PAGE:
In September 2010, I wrote a post that ignited an absolute shitstorm around these parts. “Shitstorm” in this case meaning a post with a thousand comments, the majority of which were spewed up by rabid Android fanatics. The title of that post:
At the time, we were in the midst of a massive Android surge to the top of the smartphone ecosystem food chain. This was happening all around the world, but the focus of this particular post was the U.S. market. Based on some comments made by developer David Beach at the time, I wondered if, as the title suggested, Android was only doing so well in the U.S. because the iPhone was still only available on one carrier, AT&T?
It’s time to revisit that thought because there’s now absolutely no question that this was the case. There’s now data to back it up. What’s more, despite what some surveys suggest, this trend may have fully reversed itself.
Over the past few days, both comScore and NPD have put out data showing that Android still has a healthy hold on the U.S. smartphone market with their best market share numbers yet. According to comScore, Android controls 51 percent of the market. According to NPD, it’s more like 61 percent.
For comparison, Apple is the number two player with 30.7 percent of the market according to comScore, and 29 percent according to NPD.
On the surface, there’s one big glaring problem with these numbers. Actual sales data from the three largest carriers in the U.S. doesn’t seem to back up the comScore and NPD numbers. At all.
In the last quarter, the iPhone accounted for 78 percent of all smartphones sold through AT&T. On Verizon, the iPhone accounted for 51 percent of all smartphones sold. Sprint didn’t report their total smartphone sales numbers, only iPhone sales numbers, but estimates peg the iPhone percentage around 60 percent. The iPhone is not (yet) sold on the nation’s fourth largest carrier, T-Mobile.
That’s 51 percent of all smartphones sold on the nation’s largest carrier (Verizon). 78 percent of all smartphone sold on the nation’s number two carrier (AT&T). And 60 percent of all smartphones sold on the nation’s number three carrier (Sprint). Jay Yarow of Business Insider did the math: all together, the iPhone accounted for 63 percent of the smartphone sales in the past quarter on the big three carriers. The 63 percent number is close to the 59 percent estimated by Raymond James analyst Tavis McCourt last week, as reported by Eric Savitz for Forbes.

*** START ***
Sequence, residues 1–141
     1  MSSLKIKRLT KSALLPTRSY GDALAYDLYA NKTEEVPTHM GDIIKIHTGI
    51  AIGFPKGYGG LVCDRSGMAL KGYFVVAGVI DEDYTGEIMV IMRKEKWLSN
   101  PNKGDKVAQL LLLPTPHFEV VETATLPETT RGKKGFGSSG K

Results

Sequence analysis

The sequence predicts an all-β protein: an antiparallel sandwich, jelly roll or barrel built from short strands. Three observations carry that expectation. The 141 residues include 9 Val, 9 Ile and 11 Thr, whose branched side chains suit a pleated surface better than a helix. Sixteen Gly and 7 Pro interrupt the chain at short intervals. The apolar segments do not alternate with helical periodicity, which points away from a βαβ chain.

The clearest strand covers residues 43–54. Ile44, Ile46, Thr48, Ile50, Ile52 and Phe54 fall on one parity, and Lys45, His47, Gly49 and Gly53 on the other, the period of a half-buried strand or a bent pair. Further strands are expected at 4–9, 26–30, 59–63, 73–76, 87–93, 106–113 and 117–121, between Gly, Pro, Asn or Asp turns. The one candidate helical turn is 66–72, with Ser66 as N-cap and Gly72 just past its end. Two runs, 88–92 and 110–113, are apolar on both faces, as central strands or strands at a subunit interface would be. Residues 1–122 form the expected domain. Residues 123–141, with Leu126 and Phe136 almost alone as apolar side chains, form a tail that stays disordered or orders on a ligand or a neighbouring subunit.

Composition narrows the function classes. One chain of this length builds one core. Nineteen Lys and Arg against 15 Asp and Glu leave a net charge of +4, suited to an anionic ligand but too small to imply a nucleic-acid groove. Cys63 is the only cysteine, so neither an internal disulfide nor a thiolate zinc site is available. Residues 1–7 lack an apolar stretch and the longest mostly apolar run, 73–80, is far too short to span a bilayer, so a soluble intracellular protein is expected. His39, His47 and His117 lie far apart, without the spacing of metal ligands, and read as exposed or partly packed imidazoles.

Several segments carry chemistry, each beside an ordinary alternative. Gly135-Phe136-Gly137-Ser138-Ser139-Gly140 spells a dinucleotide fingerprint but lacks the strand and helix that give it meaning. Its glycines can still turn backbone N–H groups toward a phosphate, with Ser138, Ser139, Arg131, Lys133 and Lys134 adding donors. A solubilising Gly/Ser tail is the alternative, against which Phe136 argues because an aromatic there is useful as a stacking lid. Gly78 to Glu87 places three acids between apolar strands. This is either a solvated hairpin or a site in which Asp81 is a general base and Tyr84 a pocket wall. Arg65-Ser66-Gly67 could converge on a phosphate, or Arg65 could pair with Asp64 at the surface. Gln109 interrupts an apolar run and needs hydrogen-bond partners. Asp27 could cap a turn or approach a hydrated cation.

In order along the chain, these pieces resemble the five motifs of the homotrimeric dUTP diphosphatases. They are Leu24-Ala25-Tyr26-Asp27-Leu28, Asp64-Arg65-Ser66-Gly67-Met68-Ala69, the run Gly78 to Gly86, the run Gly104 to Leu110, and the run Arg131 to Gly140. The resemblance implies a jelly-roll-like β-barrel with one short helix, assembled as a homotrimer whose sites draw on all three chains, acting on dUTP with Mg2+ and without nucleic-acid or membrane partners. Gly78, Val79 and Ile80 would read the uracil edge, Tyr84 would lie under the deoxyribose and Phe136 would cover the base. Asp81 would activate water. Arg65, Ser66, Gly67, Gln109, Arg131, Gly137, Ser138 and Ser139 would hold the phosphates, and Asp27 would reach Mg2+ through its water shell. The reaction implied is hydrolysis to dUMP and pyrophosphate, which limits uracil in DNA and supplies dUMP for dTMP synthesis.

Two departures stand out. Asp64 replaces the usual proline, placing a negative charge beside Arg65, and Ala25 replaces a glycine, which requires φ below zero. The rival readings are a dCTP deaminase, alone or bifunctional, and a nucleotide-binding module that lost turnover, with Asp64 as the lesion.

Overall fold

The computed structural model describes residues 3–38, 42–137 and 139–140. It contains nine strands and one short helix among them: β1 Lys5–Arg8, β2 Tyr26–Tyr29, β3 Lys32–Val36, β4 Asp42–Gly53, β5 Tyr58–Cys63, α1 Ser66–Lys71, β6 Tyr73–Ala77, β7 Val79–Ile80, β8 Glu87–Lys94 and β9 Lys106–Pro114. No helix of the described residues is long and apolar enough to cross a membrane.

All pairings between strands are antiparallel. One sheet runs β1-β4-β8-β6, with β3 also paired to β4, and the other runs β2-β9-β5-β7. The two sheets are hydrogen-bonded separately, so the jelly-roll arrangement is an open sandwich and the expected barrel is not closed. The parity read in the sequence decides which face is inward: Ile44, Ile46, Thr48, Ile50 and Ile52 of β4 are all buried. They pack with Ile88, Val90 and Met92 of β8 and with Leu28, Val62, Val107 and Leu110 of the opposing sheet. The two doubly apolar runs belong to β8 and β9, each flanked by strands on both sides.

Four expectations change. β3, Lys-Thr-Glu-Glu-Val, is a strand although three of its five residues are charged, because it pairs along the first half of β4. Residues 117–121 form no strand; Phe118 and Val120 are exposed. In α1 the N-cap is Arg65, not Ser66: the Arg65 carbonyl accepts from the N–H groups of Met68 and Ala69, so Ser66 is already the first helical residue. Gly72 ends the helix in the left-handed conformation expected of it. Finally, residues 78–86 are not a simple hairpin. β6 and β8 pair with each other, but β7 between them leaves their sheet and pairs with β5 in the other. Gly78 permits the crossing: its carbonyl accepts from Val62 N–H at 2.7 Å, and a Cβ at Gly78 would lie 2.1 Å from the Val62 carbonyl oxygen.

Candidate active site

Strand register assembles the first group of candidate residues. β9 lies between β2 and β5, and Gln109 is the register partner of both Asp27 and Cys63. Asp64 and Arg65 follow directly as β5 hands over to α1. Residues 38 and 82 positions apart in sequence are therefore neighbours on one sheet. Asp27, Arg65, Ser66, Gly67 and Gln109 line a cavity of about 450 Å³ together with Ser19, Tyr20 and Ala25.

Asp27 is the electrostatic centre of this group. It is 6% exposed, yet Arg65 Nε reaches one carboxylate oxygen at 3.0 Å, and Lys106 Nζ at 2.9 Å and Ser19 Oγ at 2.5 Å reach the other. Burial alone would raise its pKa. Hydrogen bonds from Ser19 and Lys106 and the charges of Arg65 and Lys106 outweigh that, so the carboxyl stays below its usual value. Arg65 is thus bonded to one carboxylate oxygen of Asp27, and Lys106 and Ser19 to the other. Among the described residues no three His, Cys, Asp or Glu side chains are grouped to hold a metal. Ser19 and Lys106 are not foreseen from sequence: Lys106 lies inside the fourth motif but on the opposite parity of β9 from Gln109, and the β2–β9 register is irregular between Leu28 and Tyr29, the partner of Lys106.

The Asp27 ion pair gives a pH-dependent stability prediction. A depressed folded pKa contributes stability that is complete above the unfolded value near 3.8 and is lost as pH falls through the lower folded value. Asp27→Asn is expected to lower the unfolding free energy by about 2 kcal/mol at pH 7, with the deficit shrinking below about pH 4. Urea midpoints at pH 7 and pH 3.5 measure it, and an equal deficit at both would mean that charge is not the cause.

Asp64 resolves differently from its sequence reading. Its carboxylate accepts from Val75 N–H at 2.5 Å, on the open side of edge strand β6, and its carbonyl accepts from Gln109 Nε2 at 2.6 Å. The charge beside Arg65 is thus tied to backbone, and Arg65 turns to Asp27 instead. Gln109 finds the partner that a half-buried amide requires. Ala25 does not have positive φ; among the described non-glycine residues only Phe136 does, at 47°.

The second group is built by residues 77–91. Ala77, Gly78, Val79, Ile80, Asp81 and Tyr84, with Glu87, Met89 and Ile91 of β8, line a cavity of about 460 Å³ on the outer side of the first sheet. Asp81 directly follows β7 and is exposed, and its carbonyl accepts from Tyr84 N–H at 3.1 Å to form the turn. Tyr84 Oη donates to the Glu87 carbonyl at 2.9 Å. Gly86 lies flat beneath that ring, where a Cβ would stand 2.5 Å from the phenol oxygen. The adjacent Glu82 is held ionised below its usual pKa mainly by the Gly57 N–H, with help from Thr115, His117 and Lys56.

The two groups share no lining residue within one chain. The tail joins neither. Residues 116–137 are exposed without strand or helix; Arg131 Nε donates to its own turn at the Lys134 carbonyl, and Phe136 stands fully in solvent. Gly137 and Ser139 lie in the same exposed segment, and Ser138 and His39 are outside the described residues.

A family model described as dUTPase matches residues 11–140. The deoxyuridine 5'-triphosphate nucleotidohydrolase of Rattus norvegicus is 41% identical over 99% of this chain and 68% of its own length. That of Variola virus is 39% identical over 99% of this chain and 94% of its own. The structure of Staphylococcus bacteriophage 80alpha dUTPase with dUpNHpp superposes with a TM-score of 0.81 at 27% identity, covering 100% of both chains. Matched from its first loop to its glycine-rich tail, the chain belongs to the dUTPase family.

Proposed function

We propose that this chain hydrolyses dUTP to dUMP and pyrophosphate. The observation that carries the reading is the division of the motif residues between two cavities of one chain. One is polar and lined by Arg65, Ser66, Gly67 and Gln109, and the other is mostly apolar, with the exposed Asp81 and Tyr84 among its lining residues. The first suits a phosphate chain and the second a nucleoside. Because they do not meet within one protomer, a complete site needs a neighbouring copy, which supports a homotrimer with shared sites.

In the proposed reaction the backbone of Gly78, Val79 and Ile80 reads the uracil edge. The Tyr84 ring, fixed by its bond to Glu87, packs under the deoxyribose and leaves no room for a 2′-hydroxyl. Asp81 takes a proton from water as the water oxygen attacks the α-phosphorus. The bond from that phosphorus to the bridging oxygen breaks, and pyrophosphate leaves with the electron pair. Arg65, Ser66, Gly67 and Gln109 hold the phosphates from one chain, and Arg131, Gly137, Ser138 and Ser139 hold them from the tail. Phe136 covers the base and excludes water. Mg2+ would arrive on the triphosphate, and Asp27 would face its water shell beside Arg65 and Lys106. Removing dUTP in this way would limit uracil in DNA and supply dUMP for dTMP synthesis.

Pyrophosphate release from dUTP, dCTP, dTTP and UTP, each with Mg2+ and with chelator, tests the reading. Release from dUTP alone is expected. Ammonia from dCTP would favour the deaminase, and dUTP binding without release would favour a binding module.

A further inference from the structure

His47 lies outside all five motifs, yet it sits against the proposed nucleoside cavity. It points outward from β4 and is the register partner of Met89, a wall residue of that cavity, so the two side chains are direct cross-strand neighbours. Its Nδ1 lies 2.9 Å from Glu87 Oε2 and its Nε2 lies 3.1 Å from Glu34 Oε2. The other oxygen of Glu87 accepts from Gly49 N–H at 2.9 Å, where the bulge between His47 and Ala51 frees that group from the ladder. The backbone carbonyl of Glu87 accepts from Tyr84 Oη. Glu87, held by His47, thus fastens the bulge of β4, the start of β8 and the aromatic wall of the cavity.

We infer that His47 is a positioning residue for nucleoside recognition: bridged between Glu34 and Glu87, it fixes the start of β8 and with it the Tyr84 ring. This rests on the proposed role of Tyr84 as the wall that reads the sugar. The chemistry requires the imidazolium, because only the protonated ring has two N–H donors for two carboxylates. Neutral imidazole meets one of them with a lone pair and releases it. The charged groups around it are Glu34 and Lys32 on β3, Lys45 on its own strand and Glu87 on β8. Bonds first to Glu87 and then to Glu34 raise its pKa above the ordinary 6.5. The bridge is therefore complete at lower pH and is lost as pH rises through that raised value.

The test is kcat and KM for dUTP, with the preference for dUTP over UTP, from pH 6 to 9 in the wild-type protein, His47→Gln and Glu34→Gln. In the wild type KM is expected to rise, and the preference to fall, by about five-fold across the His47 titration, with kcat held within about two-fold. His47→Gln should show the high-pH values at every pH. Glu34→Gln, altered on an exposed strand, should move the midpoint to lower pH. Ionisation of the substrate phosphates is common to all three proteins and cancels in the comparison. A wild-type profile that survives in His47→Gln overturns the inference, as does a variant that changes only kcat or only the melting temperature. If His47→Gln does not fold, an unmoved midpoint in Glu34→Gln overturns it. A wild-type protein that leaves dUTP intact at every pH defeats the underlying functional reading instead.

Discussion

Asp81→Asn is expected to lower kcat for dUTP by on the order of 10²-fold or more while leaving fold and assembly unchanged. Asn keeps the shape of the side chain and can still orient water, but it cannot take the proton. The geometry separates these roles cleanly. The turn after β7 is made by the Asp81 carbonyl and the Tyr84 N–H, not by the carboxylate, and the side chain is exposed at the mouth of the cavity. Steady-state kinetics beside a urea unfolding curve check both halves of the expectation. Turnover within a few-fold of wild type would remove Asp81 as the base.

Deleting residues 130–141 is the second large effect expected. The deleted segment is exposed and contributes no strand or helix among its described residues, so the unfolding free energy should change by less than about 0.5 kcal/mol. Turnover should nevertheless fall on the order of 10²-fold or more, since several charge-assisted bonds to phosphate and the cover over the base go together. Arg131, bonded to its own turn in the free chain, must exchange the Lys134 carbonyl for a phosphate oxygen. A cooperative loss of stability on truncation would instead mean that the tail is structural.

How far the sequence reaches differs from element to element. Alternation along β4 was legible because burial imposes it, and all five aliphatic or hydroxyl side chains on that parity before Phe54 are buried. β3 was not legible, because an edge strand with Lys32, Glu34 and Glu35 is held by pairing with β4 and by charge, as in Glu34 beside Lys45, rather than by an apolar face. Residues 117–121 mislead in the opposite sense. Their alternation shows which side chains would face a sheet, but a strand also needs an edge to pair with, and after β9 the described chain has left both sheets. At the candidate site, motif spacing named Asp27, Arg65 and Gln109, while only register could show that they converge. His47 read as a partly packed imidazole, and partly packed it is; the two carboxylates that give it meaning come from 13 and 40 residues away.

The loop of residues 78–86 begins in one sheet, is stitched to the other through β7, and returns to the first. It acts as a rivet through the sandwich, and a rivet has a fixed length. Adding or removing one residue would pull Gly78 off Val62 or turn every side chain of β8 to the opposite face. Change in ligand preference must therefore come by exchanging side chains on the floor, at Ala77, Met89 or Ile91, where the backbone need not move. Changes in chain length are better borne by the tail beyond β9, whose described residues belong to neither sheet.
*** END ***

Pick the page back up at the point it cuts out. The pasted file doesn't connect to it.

And if you believe the Yankee Group, the big three carriers account for roughly 80 percent of the overall U.S. smartphone market. This equates to almost exactly 50 percent of the overall smartphone market in the U.S. for Apple.
It’s hard to see how Android could control 61 percent of the market when there’s only 50 percent to spare after the actual numbers are calculated. Maybe Android is huge with undocumented workers. Undocumented workers who love taking surveys, mind you. But I digress…
And, of course, there are other smartphones out there from RIM, Microsoft, Nokia, and the like. Even giving Android the other 50 percent of the market would mean all of the other players equal zero percent. (Sadly, perhaps not that far off, actually.)
ComScore at least has some wiggle room here. They don’t actually measure phone sales quarter to quarter, but overall market usage. So it’s certainly possible that after a few years of Android sales, they do still control the majority of the U.S. smartphone market. But their numbers get sticky when you look quarter-to-quarter and see that Android’s market share increased nearly four time more than the iPhone’s market share this past quarter. Again, that doesn’t sound right when the iPhone accounted for 63 percent of all smartphones sold on the big three carriers.
When I brought this point up a few days ago, comScore was quick with an answer. They told me that amongst the big three carriers, the iPhone subscriber growth actually did outpace Android subscriber growth, 13 percent to 11 percent. It’s just that overall Android growth from the remaining carriers (meaning T-Mobile and the regional carriers) more than wiped out that difference.